Book Review: The Mixer
by Michael Cox
Published by Harper Collins
Rarely does a day pass when someone in my twitter feed is seen to proclaim ‘football didn’t start in 1992 you know’ and the phrase ‘since the advent of the Premier League’ is held up as an abomination to place alongside a Piers Morgan aphorism or an attack of swine flu.
Any objectors are a hundred percent right of course but that said, the Premier League is undoubtedly a defined ‘thing’ and not merely an object of the imagination. That its beginnings mark the arrival of seriously big money in football is its clearest claim to historical notoriety, while at the time of writing, its life span comprises more or less that of a generation; making it easy to appraise and comfortable to summarise.
As the EPL stretches into its second quarter century of existence, it will become more difficult to grasp as a concept and young writers of the future will be as puzzled at mention of Lee Chapman or Jason Wilcox as they are now at the names of Norman Whiteside or Steve Nicol.
Michael Cox has therefore provided a very neat service in assessing the first few years of this undoubtedly enthralling sporting junket. Emerging with the brilliant Zonal Marking website over a decade ago now – an exhaustive blog devoted to soccer tactics characterised as much by its author’s willingness to engage enthusiastically with contributors to its contents section as for the insightful posts themselves – Cox has carved himself out a career that is testament to how hard work and talent can rise to the top and provided an inspiration to many young bloggers that if you are good enough, you can get noticed.
But Cox’s analysis, while perhaps not quite matching the sheer majesty of Jonathan Wilson’s history of global football tactics, Inverting the Pyramid, is highly entertaining all the same. In his refusal to reduce football tactics to one single metric of choice at the expense of all others (yes, I mean you xG), his is an eclectic view that gives house room to psychology as much as it does to analytics; to finance as much as it does formations.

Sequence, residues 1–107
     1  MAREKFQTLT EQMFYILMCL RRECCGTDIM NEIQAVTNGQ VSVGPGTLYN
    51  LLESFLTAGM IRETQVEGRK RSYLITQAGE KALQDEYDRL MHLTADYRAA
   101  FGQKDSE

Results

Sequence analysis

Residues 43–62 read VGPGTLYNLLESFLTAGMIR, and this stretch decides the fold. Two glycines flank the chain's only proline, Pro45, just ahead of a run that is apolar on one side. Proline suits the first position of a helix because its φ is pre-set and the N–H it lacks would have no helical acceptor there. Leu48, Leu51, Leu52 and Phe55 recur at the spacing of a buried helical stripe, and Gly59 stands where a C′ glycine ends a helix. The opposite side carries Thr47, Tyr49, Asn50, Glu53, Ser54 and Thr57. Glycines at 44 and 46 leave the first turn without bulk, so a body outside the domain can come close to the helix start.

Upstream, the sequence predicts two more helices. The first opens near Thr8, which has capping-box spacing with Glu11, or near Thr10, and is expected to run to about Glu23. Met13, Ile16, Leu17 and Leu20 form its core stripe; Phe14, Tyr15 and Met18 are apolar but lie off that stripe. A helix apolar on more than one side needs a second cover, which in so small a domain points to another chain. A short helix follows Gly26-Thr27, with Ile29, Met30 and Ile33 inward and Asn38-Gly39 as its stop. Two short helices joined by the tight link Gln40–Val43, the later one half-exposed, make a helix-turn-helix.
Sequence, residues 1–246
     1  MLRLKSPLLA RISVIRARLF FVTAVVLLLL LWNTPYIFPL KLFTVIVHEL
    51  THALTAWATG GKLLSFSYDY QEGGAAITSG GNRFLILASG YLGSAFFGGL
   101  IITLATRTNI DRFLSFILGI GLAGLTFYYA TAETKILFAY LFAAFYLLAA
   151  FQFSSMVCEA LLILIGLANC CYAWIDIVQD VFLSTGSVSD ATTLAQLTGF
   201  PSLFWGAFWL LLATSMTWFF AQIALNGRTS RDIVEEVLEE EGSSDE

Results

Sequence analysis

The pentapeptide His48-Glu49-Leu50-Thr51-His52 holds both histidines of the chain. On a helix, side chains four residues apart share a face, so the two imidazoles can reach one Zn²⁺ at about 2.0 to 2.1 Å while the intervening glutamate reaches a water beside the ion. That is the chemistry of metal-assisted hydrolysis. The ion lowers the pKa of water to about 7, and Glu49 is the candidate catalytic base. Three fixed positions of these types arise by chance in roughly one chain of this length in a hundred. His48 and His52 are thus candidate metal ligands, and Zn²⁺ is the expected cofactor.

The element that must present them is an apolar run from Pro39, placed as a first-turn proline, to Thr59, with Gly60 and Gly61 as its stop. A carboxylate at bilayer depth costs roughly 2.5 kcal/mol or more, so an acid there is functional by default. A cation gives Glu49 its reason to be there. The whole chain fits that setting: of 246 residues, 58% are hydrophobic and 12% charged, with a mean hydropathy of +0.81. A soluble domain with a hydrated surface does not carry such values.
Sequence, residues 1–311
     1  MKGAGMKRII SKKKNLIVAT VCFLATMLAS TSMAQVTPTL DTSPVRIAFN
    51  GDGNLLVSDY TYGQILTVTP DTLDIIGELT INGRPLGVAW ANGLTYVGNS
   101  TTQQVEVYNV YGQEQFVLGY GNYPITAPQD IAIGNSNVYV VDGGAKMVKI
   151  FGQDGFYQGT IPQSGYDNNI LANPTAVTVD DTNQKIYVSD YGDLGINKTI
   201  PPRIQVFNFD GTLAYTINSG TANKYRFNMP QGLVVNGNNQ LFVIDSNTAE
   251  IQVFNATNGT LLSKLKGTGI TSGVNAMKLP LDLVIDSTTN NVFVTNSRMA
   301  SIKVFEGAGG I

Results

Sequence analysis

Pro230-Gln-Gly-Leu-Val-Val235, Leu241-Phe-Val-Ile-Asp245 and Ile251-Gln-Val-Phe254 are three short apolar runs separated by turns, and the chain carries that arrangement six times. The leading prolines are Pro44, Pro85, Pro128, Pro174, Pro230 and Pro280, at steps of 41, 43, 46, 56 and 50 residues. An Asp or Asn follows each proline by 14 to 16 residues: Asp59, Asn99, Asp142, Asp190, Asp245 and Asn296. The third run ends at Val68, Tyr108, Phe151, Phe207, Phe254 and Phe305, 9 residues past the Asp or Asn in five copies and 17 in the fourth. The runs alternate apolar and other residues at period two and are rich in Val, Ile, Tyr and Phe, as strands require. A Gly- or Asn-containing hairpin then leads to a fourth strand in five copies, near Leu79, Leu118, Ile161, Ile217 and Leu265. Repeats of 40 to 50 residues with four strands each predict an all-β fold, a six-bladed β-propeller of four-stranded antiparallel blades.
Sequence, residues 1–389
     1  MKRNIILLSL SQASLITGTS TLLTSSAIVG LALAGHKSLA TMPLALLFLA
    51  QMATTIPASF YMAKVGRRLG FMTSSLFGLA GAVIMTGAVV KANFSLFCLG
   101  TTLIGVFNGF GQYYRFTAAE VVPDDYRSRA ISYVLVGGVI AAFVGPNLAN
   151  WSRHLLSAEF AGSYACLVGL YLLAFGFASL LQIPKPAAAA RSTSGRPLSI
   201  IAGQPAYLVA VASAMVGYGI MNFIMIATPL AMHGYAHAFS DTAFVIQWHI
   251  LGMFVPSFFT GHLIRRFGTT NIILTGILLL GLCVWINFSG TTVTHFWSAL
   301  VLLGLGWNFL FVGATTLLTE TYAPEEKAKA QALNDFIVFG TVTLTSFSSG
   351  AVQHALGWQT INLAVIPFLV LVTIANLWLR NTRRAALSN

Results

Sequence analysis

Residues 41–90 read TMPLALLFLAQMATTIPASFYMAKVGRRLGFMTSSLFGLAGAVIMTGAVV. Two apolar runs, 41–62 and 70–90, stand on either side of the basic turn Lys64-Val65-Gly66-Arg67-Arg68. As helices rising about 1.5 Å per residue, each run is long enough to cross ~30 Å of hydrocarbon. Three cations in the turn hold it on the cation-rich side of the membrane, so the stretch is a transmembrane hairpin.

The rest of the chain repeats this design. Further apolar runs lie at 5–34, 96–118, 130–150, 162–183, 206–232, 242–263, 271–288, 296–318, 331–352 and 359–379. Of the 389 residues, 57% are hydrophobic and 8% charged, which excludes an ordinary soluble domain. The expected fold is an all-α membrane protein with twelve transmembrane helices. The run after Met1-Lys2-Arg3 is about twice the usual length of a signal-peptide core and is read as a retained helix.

So the dramatis personae includes Eric Cantona as the man who kicked it all off, the long throw axis of Tony Pulis and Rory Delap, Antonio Conte tearing it up with 3-4-3, the hapless André Villas-Boas, Kevin Keegan leaving tactical awareness to others and numerous accounts of English sides being outwitted by wilier foreign opposition.
That the haul of European trophies in the EPL area is meagre is unquestionable given the money at its members’ disposal although it’s very much the central argument of the book that it has been the overseas influx that has led to the revolution in English football in recent times.
But anti-modern football ranting apart, there’s a glossing over some of the tactical innovations of the 1970s and 1980s. What, for instance, of Brian Clough who decreed that football was meant to be played on the ground and not in the air? What of Ossie Ardiles? Arnold Muhren? Frans Thijssen? Jan Molby? What of the Liverpool teams that religiously kept possession en route to title after title and the greatest run of European success we have yet witnessed?
Open mindedness in football certainly isn’t the preserve of the past twenty five years and Cox would I’m sure be the first to admit this. That he has gamely accepted the Premier League narrative with a shrug of the shoulders and crafted this engaging trawl through its strategic ups and downs is undeniable.